Morning Commentary

July corn down 3 ½ at $3.2475

July beans down 2 ¼ at $8.74

The DOW is up

USD is weaker

Crude oil up $.53 at $41.26

Corn bears continue to point to burdensome supply, no major weather threat, no big demand story, and lack of overall bullish interest from the funds. The USDA showed overall crop conditions improving slightly from 70% to 72% rated GD/EX vs. 56% rated GD/EX last year at this time. Conditions where the corn crop improved the most…Nebraska +3% to 74% GD/EX vs. 77% last year; Iowa +2% to 85% GD/EX vs 62% last year. We are definitely into a weather-driven portion of the market. Unfortunately, with +3.3 billion ending stocks forecast we have to have massive wide-spread weather worry to gain even a second thought from the funds who are holding a large bearish position.

Soybean traders see little fresh or new to influence price. The U.S. weather is mostly a non-event and Chinese buying continues but at a fairly limited pace. The USDA reported 89% of soybeans are “blooming” vs. 85% on average. And U.S. “planting” is now thought to be 96% complete vs. 93% on average. The USDA also lowered crop conditions slightly from 72% down to 70% rated GD/EX vs 54% last year. Iowa is +2% to 84% GD/EX vs 63% last year.

Cattle on feed released Friday was essentially as expected. Sharp upticks in numbers on feed were noted in the south and particular Texas. Marketing’s bounced back in most all areas with exception to Texas. Placements were quite large in the south as many yearlings were coming off grass late and heavy. As we begin to put the pieces together between market ready numbers, projected out-front supplies, and current kill on a weekly basis; it has become apparent that the supply of cattle is not necessarily insurmountable. Most analyst are projecting that the carryover numbers from COVID could be comfortably attenuated by the fall or years end. This will continue to pressure the nearby futures relative to the deferred contracts as the market works to grasp the timing component. Last week’s cash trade was large in volume and lower in price. The negative sentiment seems to have carried over to the current week, however, show lists were down sharply for the first time this year and many yards are increasingly current. Deliveries have been noted basis the Jun20 LC contract. Many have wondered about why the deliveries have occurred when cash is on average premium to the futures, kills are increasing and cash trade volumes are building. We would suggest although the last few months have certainly been unique in almost every aspect, the contract is functioning well as both a risk tool and delivery mechanism. Some feeders have not been able to obtain a bid on all cattle or even some cattle in certain circumstances. There have been fed steer and heifer supplies sold well below average cash prices and even via cull markets. In this sense, the CME delivery avenue has not become a dumping ground because contract specifications protect against that. It has become an outlet for cattle that do not have, but need a home. Lastly, the deliveries noted so far were either taken willingly or demanded. This would indicate that there is value at the levels tendered and hopefully will rightly be a win for both parties. Futures markets have obviously been choppy and sideways. The price ranges traded are spent and stale, the amount of commercial interest at current levels is small and as mentioned in the past the speculative trader lacks a directional desire to participate longer term. As a result of this, the futures stay choppy this week and are looking for any signs of cash strength. The cash market can hold at these levels and we expect feeders to trade tougher going forward. As always, look to sound business strategies for your operation when forming a path forward. Step carefully when executing the plan and wear sunscreen. Trey Warnock  – Amarillo Brokerage Company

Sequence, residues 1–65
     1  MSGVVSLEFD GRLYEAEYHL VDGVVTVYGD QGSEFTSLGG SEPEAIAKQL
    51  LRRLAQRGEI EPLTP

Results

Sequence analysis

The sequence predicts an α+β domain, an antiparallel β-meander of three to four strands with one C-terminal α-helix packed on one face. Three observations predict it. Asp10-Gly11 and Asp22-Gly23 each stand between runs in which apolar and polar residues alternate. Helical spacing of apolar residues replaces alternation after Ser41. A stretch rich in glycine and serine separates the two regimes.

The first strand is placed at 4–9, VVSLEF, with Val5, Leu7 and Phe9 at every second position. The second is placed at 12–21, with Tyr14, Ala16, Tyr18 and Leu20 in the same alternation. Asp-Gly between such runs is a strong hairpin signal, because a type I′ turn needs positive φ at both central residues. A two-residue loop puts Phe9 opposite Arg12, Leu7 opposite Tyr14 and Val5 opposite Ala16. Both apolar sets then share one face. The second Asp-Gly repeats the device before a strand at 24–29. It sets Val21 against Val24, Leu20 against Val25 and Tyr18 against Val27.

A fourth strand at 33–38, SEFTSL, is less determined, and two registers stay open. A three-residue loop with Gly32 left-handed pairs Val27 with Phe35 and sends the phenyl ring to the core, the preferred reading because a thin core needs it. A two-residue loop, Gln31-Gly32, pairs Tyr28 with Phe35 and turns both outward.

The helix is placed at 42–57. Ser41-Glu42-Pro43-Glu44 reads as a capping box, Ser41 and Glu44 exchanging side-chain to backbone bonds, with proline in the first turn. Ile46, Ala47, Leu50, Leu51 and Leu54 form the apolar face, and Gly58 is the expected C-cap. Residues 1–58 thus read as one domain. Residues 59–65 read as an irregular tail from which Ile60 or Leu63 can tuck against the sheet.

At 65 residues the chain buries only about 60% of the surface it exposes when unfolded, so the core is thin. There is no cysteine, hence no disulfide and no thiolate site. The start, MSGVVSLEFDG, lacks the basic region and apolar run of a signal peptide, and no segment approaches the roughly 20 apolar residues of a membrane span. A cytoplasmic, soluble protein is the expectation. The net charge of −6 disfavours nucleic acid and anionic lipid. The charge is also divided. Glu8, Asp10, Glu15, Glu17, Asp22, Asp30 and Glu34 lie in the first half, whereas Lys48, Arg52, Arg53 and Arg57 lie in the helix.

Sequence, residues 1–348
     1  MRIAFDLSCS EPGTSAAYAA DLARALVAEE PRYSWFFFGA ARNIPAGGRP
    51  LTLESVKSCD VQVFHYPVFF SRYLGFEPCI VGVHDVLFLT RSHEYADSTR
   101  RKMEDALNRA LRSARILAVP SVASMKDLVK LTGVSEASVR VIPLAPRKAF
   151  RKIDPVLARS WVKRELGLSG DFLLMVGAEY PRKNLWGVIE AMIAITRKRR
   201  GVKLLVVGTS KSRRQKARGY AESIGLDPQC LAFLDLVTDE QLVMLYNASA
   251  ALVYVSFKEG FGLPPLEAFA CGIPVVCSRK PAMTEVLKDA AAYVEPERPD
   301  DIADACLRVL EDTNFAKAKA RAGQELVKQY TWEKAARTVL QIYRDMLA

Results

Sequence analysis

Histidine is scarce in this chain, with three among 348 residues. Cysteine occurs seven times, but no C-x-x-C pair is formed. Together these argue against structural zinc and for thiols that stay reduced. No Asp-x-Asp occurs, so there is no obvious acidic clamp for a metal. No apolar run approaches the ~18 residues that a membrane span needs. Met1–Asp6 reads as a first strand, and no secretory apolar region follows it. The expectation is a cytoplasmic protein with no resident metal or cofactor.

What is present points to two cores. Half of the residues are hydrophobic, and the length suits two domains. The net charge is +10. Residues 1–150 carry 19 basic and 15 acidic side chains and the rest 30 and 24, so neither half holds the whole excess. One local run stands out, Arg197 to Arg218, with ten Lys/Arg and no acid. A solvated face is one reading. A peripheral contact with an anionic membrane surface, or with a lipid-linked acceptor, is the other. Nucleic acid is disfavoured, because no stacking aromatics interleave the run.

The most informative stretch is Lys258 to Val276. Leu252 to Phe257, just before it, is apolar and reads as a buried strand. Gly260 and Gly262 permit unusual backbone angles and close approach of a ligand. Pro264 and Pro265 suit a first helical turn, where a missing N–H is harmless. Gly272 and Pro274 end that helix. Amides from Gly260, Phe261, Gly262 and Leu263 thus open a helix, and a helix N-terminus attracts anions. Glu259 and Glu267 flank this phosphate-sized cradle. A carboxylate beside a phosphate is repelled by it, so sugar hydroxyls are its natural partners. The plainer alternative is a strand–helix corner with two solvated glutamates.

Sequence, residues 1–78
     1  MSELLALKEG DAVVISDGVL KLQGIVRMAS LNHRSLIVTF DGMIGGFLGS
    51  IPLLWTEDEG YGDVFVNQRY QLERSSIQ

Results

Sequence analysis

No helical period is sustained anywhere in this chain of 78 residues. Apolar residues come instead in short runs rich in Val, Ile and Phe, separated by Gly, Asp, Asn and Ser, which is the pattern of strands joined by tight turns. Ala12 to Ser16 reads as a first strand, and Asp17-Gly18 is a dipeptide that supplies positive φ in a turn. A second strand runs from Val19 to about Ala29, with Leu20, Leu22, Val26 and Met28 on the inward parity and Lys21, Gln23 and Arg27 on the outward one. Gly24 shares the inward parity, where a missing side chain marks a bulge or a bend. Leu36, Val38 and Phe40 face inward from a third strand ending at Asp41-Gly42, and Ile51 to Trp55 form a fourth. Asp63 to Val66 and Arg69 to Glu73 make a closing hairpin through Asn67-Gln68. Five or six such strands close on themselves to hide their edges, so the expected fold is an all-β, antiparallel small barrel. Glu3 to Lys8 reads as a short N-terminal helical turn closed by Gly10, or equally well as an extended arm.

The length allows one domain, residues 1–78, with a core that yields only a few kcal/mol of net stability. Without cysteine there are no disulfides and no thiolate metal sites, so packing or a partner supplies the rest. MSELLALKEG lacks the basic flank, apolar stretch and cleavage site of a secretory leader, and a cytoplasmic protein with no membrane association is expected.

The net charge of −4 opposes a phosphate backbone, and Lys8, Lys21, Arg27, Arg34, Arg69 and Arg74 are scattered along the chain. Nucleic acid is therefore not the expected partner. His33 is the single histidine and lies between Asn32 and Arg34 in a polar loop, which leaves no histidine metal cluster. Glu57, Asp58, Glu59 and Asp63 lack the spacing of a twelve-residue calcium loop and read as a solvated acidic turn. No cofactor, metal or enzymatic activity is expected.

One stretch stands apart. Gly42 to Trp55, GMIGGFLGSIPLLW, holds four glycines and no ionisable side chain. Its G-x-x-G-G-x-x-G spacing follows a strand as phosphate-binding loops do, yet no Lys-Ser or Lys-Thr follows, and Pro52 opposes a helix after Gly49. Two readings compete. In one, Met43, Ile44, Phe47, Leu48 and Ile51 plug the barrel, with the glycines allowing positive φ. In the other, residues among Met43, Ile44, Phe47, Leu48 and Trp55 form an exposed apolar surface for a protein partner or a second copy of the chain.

Total red meat supplies in freezers on May 31, 2020 were down -18% from the previous month and down -13% from last year. Total pounds of beef in freezers were down -13% from the previous month but up +2% from last year. Frozen pork supplies were down -24% from the previous month and down -26% from last year. Stocks of pork bellies were down -27% from last month and down -8% from last year. Total frozen poultry supplies on May 31, 2020 were down -5% from the previous month and down -4% from a year ago. Total stocks of chicken were down -8% from the previous month but up +3% from last year. Total pounds of turkey in freezers were up +1% from last month but down -15% from May 31, 2019


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